Visiting my nan on Sunday, I started asking her if she still had some of the old recipes she cooked us as kids. Nan was renowned for her biscuits and I thought some of them would make a perfect addition to Ella’s school lunch box as a treat.
What I got was far beyond what I imagined. I came home with a shopping bag full of recipes to look through. Some were even from my great grandmother. Among them was this treasure:
Now Wondrous Ultra Special Sensational Mouthwatering Cookery
This is nan’s mother’s group recipe book. Nan is in her mid 80s. It’s a yellow cardboard covered book with three simple staples in it. Nothing fancy. In the back it says “The North West Union of State School’s Mothers’ Clubs. Donation…. 30 cents’’.
Throughout there are old fashioned recipes typed up neatly, like Chocolate Sponge Cake, Five Minute Cake and Steamed Pudding. There’s also some obscure treats like Apricot Festival Cream, Weetbix Cake and my all-time favourites – Nameless 1 and Nameless 2. There’s a note underneath saying “both are scrumptious – ask Mrs Dodd for the names”. I’m wondering if anyone ever asked Mrs Dodd.
The book even has a couple of pages of “hints’’, like:
- To sharpen scissors, cut on the neck of a sauce bottle or similar as if you were cutting the neck off.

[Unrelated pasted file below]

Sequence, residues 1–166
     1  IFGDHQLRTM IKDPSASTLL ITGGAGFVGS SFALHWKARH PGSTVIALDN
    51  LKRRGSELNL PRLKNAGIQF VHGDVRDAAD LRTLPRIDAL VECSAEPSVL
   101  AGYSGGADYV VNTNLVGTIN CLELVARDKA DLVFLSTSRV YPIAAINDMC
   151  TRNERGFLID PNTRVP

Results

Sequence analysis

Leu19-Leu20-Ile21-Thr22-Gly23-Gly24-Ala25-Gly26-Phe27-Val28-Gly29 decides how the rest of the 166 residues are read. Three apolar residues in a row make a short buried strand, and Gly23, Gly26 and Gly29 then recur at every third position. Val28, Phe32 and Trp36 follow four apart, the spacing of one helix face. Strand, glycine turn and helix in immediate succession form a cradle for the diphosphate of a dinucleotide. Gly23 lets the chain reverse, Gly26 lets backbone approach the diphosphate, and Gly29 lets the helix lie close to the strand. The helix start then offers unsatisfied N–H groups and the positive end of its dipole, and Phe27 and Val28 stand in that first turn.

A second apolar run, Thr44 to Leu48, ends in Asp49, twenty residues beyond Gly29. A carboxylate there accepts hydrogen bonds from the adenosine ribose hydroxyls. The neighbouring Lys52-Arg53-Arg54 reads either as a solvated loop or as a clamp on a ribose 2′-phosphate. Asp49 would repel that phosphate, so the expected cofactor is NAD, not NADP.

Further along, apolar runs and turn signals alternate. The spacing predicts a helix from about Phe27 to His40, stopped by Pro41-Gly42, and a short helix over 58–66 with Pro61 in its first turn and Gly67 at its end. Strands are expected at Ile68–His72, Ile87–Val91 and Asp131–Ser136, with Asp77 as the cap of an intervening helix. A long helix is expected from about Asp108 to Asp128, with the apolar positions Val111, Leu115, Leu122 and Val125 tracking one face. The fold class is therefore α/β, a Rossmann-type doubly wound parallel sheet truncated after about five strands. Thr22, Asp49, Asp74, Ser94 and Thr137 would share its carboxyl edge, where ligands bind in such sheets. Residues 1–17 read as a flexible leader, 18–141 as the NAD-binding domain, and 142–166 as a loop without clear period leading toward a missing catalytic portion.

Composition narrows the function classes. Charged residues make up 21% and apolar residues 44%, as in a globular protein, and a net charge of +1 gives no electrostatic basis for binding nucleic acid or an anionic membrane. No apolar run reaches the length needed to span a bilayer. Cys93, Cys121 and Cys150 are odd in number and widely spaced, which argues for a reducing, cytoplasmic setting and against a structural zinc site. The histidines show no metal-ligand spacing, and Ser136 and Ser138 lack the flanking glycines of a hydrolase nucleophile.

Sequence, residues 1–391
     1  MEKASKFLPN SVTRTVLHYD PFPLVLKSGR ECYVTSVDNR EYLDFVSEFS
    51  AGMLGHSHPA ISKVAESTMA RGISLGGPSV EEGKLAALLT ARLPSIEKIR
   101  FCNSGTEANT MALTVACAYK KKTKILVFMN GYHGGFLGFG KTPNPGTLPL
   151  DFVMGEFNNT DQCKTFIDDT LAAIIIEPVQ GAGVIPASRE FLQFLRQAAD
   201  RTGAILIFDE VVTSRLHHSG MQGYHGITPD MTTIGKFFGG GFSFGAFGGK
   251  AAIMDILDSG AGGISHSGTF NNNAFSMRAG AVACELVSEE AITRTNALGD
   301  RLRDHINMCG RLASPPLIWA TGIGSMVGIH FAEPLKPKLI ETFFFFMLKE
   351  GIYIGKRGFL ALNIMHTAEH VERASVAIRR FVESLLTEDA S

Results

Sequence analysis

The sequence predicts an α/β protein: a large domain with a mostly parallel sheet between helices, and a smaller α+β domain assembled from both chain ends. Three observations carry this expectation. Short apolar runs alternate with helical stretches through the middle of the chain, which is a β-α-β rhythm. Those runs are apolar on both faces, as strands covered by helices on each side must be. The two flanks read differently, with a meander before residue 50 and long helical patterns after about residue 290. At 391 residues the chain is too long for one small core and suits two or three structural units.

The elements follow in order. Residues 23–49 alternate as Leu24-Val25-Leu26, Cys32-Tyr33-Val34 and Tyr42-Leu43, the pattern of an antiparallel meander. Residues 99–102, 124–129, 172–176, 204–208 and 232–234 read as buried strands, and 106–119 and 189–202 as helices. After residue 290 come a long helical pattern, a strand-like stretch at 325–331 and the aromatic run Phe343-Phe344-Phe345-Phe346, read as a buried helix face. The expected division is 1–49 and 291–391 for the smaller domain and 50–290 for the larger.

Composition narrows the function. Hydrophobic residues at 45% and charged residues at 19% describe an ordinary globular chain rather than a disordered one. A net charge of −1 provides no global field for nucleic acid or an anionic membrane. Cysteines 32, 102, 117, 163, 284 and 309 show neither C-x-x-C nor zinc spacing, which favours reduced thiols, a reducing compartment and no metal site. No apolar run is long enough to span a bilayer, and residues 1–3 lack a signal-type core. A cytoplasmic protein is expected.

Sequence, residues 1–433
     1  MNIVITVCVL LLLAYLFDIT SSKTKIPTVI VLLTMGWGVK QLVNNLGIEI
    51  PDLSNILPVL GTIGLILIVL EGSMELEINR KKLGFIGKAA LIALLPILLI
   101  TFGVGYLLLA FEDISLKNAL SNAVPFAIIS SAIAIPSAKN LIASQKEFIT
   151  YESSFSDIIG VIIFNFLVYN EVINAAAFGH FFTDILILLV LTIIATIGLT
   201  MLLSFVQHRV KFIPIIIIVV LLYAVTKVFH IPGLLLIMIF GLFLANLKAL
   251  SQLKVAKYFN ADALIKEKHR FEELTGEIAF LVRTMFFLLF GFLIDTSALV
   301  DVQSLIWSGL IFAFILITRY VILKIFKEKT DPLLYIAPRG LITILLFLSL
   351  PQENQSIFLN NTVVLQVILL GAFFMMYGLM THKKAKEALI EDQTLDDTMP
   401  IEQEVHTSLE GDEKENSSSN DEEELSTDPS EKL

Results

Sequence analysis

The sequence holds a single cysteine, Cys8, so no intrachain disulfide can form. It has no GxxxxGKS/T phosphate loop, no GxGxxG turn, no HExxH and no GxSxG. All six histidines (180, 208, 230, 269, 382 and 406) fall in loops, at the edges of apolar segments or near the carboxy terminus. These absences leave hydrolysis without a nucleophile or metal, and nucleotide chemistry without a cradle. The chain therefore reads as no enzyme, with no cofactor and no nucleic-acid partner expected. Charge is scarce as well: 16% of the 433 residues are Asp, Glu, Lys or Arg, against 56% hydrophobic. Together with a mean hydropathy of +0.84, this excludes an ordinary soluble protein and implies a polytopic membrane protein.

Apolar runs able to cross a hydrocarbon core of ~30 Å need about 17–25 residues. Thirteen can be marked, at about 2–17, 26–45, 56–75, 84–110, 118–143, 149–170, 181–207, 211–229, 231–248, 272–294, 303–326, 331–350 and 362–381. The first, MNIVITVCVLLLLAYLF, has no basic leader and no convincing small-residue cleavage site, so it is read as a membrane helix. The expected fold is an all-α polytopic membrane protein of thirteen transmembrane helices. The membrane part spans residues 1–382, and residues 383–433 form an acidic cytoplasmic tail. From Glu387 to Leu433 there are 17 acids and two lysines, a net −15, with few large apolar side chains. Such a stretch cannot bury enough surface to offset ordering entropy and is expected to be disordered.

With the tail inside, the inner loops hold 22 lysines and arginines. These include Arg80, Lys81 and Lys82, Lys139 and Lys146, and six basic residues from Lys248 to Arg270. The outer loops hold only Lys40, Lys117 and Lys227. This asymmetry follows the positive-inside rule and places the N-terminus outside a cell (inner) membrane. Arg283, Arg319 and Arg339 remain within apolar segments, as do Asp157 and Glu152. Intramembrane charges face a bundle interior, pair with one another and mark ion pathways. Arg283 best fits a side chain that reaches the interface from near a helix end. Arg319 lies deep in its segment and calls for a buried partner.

- When requiring a small quantity of lemon juice, pierce with knitting needle and squeeze out the required amount.
- Bunches of mint placed about the kitchen discourage flies.
And so many more.
Over the next couple of weeks I thought I’d share some of the recipes from the book and from her shopping bag full of treasures she’s given me to look through. I might throw in a few of the handy hints too.
To end, here’s the first page in the book. Timeless comedy.
Recipe for Happy Home
1lb of good temper
1.5 lbs contentment
3 lbs unselfishness
Method: Mix well with 2 quarts of milk of human kindness.
Dose: 1 wine glass full the first thing in the morning. To be repeated as the effect wears off.
To Preserve A Husband:
Be careful in your selection. Do not choose too young. When once selected give your entire thought to preparation for domestic use. Some insist on keeping them in pickle. Others are constantly keeping them in hot water. This makes them sour, hard and sometimes bitter. Even poor varieties may be made sweet, tender and good by garnishing them with patience, well sweetened with love and seasoned with kisses. Wrap them in a mantle of charity. Keep warm with a steady fire of domestic devotion and serve with peaches and cream. Thus prepared, they will keep for years.
We mums have come a long way in how we go about sharing recipes today!
Do you have anything from your grandparents you treasure? What about an old recipe that you still cook today?
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